By Walter Alarkon - 07/07/10 10:00 AM EDT
A White House commission tasked with winding down trillion-dollar deficits has won a boost from Congress’s leading GOP budget hawks, who say it is off to a strong start.
Rep. Paul Ryan (Wis.) and Sen. Judd Gregg (N.H.), the senior Republicans on the House and Senate Budget committees have praised a proposal by the fiscal panel’s Democratic co-chairman, Erskine Bowles, to limit government spending and revenue to 21 percent of gross domestic product.
“I like Erskine a lot,” Ryan said of Bowles, a former White House chief of staff in the Clinton administration. “He’s becoming my new favorite Democrat. He’s in the ballpark. We’re getting near the target if that’s the case.”
Gregg said spending and revenue limits like the ones Bowles has suggested would be “incredibly positive.”
“Get spending down and revenues up. … That would be very close to a stable situation,” Gregg told The Hill.
Members of both parties have doubted that the fiscal commission, created by President Barack Obama to consider spending, tax and entitlement policy reforms, can get the bipartisan support needed for an agreement.
Fourteen of the commission’s 18 members must approve recommendations before they can be sent to Congress for up-or-down votes. And since the panel includes six congressional Democrats, six members chosen by Obama and six Republicans, at least two GOP lawmakers must sign on to the final agreement for it to advance. Obama wants the commission to report out recommendations by Dec. 1.
Bowles and Obama have said that “everything is on the table” when it comes to the commission’s work.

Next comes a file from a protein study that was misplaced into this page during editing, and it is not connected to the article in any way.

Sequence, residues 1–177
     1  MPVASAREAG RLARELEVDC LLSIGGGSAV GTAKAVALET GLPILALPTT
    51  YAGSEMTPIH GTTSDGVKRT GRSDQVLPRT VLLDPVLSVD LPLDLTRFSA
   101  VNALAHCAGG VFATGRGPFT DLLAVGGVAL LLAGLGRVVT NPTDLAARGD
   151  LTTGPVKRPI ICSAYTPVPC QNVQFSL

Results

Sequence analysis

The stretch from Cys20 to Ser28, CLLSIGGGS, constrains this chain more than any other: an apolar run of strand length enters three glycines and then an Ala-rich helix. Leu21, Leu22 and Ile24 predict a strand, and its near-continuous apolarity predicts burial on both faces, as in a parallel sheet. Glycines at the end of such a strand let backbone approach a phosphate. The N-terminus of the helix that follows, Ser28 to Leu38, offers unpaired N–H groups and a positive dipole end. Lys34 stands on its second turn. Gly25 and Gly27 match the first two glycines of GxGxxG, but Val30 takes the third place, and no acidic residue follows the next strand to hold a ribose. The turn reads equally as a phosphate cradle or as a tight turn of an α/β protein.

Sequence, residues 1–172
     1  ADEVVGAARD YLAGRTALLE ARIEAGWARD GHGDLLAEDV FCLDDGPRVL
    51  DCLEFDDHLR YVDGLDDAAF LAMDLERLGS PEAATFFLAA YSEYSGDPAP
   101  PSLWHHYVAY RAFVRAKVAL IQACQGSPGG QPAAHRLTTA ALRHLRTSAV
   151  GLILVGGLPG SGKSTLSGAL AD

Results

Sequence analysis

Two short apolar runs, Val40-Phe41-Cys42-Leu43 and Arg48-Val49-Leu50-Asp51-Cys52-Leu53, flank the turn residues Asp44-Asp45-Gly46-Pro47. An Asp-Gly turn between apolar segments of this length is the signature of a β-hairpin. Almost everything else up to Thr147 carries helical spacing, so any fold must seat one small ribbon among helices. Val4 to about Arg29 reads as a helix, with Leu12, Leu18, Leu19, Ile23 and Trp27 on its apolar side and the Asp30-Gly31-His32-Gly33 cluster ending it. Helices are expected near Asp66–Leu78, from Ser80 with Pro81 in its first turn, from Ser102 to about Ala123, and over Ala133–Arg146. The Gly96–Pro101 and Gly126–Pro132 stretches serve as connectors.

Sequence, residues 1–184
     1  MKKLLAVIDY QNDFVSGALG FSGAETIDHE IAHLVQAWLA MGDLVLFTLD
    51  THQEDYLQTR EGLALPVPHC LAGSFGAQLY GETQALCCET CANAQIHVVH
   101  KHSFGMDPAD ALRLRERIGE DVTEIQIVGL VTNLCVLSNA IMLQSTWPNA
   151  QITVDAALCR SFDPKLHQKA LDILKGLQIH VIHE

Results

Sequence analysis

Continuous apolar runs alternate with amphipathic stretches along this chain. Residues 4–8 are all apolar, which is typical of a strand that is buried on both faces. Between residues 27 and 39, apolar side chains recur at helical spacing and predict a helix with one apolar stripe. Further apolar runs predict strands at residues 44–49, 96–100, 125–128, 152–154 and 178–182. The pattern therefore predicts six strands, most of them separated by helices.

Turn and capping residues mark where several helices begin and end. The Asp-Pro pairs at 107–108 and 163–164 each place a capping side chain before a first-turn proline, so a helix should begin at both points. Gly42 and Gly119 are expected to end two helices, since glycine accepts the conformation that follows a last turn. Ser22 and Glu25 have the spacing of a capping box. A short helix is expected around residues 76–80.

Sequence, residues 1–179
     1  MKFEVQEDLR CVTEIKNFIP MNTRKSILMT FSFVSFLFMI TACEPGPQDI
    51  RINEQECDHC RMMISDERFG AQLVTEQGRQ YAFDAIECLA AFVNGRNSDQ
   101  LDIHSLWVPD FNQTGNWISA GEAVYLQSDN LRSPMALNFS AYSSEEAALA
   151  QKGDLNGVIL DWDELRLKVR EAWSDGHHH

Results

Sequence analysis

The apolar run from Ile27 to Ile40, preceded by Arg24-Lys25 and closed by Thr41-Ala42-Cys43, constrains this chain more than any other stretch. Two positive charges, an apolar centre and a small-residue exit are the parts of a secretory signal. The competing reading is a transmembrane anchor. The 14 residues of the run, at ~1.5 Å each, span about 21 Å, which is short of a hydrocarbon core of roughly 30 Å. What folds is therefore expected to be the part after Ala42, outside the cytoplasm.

Rep. Jan Schakowsky (D-Ill.) has said she’s “skeptical” the commission can get much done, particularly because Republicans have been averse to tax increases. GOP leaders in both chambers had initially been reluctant to name Republican lawmakers to the panel because of fears it could call for such hikes — anathema in the party.
But endorsements by Gregg and Ryan for Bowles’s idea could give GOP panel members cover to support its recommendations.
Gregg said most members of the commission are making a genuine effort to forge some sort of deal.
“There may be a few members that don’t feel that way, but I think there are easily 14 members right now that understand we have to do something,” Gregg said.
To hit Bowles’s targets, spending would have to come down. This year, federal spending is equal to about 24 percent of GDP, according to the Congressional Budget Office (CBO). That number is expected to rise over the next few decades as entitlement costs, especially for healthcare, grow.
To balance the budget at Bowles’s recommended spending levels, revenues would still have to go up. Federal revenue is at 15 percent this year, below the historical average of about 18 percent. (The historical average for spending is 18.5 percent.) CBO projects revenue will rise to about 19 percent under a scenario in which Bush-era tax cuts for the middle class are extended — as Democrats aim to do — and other tax rates remain roughly constant.
Bowles, in laying out his general targets at a fiscal commission meeting last week, said the last time the federal government had a balanced budget — in the late 1990s — spending and revenue were lower than 21 percent as a share of the economy.
He noted that a recently enacted budget enforcement tool, the pay-as-you-go law, has been waived multiple times by Democratic leaders seeking to pass items they considered “emergency spending.”
Reaching the spending and revenue target levels is not going to be easy, Bowles acknowledged. To help the commission get there, Bowles laid out an ambitious agenda that involves greater scrutiny on defense spending, reductions to other discretionary spending, more healthcare savings and reforms to the tax code.
Rep. Xavier Becerra (D-Calif.), a liberal on the fiscal commission, wouldn’t rule out backing spending or revenue targets, but he said the commission must first understand the range of options.
“Are we still Iraq or Afghanistan during this particular threshold? If we are, how are we paying for it?” Becerra said in an interview. “Are we finding ways to better control private-sector costs for healthcare? ... You’re seeing only the product of an equation without knowing what the variables are.”